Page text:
Skill contests – a damn fine example of play

Hello all! Following up on the description of the new skill system, I thought it best to put together an example tying it all together. If you need a refresher on the mechanics, you can go here first.

Dwyrion the Dwarf (race) is a Foppish Noble (background), and he’s also a Rogue (class). Dwyrion, confident that he can extricate himself from any danger with his intellect and charm, has decided to slip away from his bodyguards and take a stroll through the site of an ancient battle. This has rapidly proved to be a mistake, as almost immediately, he is accosted by a hill tribe that has come to scavenge metal from the corpses of long-dead soldiers. Acutely aware that he can’t fight his way free, Dwyrion decides that the best course of action is to talk his way to safety.

With that, a Skill Contest begins.

Because this is a social challenge, Dwyrion’s relevant attribute is his Presence, which has a score of 1. He, like all heroes, has the basic Skill Action Tenacity. His Foppish Noble background grants him the actions Noble’s Gambit and Do You Know Who I Am? Finally, his Rogue class provides him Always A Contingency. Dwyrion’s running short in Influences, which are used to modify Skill Checks – he only has two Research remaining, no Inventory, and no Contacts.


This is a moderate contest, and so Dwyrion is faced with 1 Obstacle and 2 boosters, in addition to a contest modifier. The modifier is revealed: Repercussions. All of the GM’s actions in this contest will be increased by 1. The Obstacle and its two boosters remain concealed.


To begin the contest, Dwyrion and the GM roll the Tier Die – at the Adventurer Tier, this is 1d6. Dwyrion’s die comes up 4; the GM’s a 5. The Dwarf doesn’t like his odds. Contests are won and lost on their action scores, and even with his high roll on the Tier Die, with the difficulty of the contest being so high, there’s a chance that the Hill Tribe will ignore his pleas and feast on his bones.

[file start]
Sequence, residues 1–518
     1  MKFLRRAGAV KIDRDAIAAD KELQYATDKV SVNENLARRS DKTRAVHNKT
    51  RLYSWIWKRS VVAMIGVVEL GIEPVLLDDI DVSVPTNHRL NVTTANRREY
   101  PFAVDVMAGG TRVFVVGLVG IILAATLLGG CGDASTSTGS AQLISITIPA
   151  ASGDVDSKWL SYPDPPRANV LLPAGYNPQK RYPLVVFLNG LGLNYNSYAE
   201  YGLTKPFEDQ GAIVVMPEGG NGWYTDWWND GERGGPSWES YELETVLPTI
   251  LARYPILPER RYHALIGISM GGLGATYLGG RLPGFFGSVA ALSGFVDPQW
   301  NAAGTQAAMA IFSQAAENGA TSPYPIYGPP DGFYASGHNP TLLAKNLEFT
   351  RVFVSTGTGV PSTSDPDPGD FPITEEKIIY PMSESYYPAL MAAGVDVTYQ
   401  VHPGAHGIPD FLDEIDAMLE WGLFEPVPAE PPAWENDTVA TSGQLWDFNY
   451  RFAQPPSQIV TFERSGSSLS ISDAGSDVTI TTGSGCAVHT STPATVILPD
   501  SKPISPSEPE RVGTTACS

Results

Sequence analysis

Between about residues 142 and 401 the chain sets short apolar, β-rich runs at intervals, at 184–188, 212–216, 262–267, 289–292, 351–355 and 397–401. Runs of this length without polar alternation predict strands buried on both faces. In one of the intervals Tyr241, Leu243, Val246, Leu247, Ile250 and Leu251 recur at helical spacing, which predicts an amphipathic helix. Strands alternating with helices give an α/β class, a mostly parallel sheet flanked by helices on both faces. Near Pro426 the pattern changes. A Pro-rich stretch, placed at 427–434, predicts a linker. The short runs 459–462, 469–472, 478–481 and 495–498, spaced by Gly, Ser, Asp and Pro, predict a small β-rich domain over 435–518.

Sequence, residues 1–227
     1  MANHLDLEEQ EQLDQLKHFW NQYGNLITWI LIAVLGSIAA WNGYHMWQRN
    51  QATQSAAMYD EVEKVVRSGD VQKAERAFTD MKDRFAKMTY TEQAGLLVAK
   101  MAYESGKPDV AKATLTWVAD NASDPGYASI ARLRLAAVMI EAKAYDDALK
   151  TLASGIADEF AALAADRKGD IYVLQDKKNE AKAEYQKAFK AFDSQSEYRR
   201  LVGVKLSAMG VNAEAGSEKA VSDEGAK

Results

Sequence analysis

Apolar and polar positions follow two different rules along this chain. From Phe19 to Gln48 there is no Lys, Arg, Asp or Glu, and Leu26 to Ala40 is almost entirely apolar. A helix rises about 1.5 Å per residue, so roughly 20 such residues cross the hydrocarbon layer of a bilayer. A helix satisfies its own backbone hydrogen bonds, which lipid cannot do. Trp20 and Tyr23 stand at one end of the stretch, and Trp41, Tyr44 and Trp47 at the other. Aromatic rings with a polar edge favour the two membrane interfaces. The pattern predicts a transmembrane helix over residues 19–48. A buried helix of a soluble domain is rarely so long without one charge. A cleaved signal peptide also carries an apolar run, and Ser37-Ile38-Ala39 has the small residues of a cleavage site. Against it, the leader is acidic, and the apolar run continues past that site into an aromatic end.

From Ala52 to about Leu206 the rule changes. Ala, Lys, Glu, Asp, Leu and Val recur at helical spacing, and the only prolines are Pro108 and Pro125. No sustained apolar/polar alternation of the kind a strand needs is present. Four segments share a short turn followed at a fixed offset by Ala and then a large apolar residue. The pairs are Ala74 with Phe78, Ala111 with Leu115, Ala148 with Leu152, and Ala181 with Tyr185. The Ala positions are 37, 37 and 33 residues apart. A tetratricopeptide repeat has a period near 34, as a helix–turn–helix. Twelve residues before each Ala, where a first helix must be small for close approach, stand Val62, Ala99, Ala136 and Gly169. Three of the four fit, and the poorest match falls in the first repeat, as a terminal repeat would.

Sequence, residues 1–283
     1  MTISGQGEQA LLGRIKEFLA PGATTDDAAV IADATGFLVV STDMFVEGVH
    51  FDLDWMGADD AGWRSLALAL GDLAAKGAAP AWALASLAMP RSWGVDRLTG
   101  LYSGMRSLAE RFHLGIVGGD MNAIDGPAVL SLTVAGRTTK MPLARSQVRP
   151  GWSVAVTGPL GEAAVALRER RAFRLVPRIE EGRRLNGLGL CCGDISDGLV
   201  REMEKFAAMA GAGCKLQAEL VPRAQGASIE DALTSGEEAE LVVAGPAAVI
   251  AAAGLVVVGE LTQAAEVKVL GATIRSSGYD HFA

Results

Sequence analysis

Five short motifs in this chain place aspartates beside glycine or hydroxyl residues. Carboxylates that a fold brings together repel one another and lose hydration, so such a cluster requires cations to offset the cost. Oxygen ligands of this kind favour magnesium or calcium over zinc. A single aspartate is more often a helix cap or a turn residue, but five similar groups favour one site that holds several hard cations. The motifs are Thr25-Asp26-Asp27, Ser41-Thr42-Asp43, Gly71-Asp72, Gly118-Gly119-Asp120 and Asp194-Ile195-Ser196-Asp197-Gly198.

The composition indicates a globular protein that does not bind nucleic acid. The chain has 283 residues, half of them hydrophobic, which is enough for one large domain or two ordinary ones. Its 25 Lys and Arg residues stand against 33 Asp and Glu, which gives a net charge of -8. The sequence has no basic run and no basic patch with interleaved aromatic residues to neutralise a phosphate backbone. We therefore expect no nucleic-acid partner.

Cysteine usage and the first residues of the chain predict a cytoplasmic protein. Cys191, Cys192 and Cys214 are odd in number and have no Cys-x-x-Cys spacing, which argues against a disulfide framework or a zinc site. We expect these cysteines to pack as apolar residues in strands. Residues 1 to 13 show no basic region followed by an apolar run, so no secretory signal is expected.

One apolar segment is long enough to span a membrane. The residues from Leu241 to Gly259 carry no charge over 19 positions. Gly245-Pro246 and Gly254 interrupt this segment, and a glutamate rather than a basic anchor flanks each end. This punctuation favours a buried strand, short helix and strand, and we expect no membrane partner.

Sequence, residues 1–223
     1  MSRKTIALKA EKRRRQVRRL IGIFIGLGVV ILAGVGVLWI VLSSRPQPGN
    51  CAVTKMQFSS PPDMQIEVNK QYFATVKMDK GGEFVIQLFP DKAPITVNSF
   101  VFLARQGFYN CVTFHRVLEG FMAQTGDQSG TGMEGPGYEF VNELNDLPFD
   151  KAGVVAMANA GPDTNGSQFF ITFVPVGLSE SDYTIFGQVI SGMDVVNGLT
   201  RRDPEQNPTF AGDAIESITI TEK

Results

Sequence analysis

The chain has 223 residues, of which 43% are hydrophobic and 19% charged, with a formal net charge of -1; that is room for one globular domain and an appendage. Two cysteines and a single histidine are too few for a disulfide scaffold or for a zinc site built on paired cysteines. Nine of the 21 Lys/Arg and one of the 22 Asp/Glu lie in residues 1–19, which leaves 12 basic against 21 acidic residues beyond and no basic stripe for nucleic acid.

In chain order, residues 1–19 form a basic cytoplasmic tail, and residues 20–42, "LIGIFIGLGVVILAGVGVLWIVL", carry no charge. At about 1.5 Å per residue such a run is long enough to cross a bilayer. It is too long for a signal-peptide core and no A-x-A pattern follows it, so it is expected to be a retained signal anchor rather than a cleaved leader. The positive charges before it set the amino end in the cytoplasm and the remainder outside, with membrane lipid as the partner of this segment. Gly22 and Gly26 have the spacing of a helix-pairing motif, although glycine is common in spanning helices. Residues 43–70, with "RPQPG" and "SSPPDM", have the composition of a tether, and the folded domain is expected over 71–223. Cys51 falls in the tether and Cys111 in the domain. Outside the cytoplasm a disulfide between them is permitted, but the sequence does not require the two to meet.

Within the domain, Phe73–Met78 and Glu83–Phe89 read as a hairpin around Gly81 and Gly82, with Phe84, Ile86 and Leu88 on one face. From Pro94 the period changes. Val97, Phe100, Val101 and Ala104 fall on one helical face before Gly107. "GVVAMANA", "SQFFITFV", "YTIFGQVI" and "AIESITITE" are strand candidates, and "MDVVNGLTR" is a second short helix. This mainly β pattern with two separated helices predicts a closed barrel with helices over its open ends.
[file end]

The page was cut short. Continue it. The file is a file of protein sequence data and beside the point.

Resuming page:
The best start our Dwarf can manage now is an Action Score of 7 (combining his roll of 4 with Noble’s Gambit Action Score of 2 and his Presence of 1). Dwyrion acts first, as he’s the one who initiated the contest. He opens with Noble’s Gambit. Dwyrion decides to capitalize on Gambit’s bonus and spend Influence to boost his score even higher; he spends 1 Research Influence (Research may only be spent when playing an Action, and is replenished when taking a Long Rest, to the tune of 2 + Wit), increasing his Action Score to 8.

The GM chooses a response, in this case of the Wrinkle type, which can be played to counter a Skill Attack. The GM’s Action Score is a 10 (5 from the roll, 4 from the Enough Words Wrinkle, and 1 from the Repercussion effect), which is two higher than Dwyrion’s. Because his Gambit is trumped, Dwyrion crosses off the Research he used in his opening, and then loses one additional point. He has no remaining Influence.


The Dwarf begins to sweat. He’s only got one Skill Action that can be used to counter the Wrinkle, his Do You Know Who I Am? Interrupt. Even then, his Action Score is insufficient: combining the Action Score of 8 (4 from his roll, 3 from the Interrupt, and 1 from his Presence Score). Dwyrion plays the Interrupt, resigned to his fate. Though he’s to be killed, cooked, and eaten by the Tribesmen, he’ll at least go to the light knowing that he’s not large enough to feed the whole tribe.


The GM reminds Dwyrion that this is a social contest. The effect of the Interrupt triggers, and Dwyrion is able to re-roll his Tier Die for this challenge. Because he rolls with Advantage, Dwyrion gets to roll a d8, rather than a d6. Dwryion makes a plea to the gods, and then the die is cast. A seven! His new Action Score is 11. (7 from the roll, 3 from the Interrupt, 1 from Presence). The GM’s second booster is unable to counter a Skill Interrupt, and the contest concludes.

Dwyrion the Dwarf is safe, for now.

Skill systems revisited

After taking a hard look at Let Thrones Beware’s skill system, we decided that the roll-under-difficulty system wasn’t sufficient. After all, one of the main features in the game is a break from the roll-to-hit-armour-class that’s so ingrained in the industry. After much contemplation, a new skill system was born!


A Brand New Skill System

The basic mechanic in Let Thrones Beware is the contest. There are two basic types of contest: combat and non-combat. Combat contests are resolved using Combat Maneuvers, and non-combat contests are resolved using Skill Actions. Both types of contest are resolved in similar ways, though each has its own peculiarities.


Resolving non-combat contests